Hasan John

Hopefully this is the first of many blog posts about comedians tackling Islamophobia through their stand-up comedy. First up we have Hasan Minhaj and Maz Jobrani…

I am a firm believer in the power of comedy to change the common narrative for the better. Here’s a quote to further my point:

If you laugh, you change. If you change, the whole world changes around you. – from the documentary Laughology (2009)

And that is one reason why I keep a nerds-eye-view on the Venn diagram intersection between stand-up comedy and Islam. Crossing my line of sight recently was an article about Hasan Minhaj, arguably the most famous Muslim comedian in the world (no, Omid Djalili is not a Muslim, he is a member of the Bahai faith, and the likes of Aziz Ansari, Kumail Nanjiani, Wajahat Ali, Azhar Usman, and others, aren’t quite getting the spotlight as much as Hasan currently is).

The article is called Hasan Minhaj Tackles Islamophobia With Comedy and is about a recent comedy gig he did on December 6th 2017 in the Turner Auditorium at the Johns Hopkins University East Baltimore campus in Baltimore, Maryland. The talk was the final event of the 50th anniversary Milton S Eisenhower Symposium’s 2017 speaker series, which also saw speeches from the likes of American Muslim activist Linda Sarsour, TV news host Joy Ann Reid, and Ohio governor John Kasich.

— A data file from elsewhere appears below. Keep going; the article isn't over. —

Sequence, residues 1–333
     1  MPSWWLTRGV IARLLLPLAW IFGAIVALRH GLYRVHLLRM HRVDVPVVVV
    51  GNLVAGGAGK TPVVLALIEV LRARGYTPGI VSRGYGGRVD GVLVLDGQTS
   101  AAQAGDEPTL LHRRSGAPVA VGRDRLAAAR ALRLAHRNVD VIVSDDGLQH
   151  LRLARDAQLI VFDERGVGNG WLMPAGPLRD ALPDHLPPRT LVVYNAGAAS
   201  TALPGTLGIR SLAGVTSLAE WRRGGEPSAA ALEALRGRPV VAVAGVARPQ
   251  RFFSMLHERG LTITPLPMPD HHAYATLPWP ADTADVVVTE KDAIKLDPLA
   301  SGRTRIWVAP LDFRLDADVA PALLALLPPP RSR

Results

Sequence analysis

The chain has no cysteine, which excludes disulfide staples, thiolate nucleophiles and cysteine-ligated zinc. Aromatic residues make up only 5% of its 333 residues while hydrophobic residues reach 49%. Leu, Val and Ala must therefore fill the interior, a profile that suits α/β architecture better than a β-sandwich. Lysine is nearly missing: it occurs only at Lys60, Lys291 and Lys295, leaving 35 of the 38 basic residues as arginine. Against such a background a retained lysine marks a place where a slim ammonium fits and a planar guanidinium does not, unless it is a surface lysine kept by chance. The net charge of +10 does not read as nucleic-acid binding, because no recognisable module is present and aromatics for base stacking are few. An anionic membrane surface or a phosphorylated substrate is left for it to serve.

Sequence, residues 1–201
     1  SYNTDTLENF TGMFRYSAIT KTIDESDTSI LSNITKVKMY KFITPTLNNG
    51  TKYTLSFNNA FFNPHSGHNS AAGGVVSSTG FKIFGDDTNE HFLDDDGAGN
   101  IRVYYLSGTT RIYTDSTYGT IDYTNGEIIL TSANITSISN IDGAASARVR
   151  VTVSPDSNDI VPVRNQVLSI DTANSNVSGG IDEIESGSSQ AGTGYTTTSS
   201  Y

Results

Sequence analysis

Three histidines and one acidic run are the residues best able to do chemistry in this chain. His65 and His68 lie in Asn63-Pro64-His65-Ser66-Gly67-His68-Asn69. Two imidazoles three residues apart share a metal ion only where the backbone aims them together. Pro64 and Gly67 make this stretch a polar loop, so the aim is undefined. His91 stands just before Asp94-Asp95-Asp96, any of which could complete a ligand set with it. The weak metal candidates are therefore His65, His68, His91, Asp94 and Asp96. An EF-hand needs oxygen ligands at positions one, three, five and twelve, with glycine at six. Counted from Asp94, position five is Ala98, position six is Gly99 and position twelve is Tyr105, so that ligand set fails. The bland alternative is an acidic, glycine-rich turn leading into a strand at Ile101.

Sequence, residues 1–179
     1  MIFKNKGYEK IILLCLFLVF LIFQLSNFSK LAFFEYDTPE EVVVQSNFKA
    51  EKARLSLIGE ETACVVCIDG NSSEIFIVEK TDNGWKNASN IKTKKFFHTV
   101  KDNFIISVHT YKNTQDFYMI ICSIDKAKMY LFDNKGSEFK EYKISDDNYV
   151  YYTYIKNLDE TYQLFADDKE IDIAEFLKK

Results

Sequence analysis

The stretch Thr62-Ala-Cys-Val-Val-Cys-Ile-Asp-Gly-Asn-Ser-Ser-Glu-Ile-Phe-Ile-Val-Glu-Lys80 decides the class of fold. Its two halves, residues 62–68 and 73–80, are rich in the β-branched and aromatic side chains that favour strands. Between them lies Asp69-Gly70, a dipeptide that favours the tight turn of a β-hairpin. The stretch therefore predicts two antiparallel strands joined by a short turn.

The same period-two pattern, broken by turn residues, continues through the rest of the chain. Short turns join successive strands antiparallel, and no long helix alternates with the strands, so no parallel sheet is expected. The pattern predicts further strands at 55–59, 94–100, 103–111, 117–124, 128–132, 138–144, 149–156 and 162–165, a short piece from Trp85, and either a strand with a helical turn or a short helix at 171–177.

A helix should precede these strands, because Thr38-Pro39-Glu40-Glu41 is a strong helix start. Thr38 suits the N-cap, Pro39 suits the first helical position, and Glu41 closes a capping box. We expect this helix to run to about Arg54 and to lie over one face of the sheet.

As well as being a regular throughout 2017 on the Daily Show With Trevor Noah, earlier this year Hasan hosted the White House Correspondents’ Dinner, and on December 4th 2017 he was named one of Foreign Policy magazine’s Global Re-Thinkers. FP claimed that “at a difficult time for Muslims and immigrants in America, Minhaj has found an effective way to describe a side of the United States that its current president ignores and rejects.” In the FP article Hasan describes himself as “an angry optimist” whilst FP describes him as “the 32-year-old pompadoured Daily Show correspondent,” “an avatar of the bizarre political moment,” “a protagonist of the American narrative,” and more importantly “the right comedian for the wrong time.”

Maz Cover

All of this reminded me of similar articles where Muslim comedians use their comedy to point out the growing Islamophobia that exists all around us today. One such article that came to mind is called Fighting Islamophobia With Comedy. Written way back in March 2015, this particular article is about the comedian Maz Jobrani, another American comedian who is rather effectively using his humour to tackle anti-Islamic bigotry.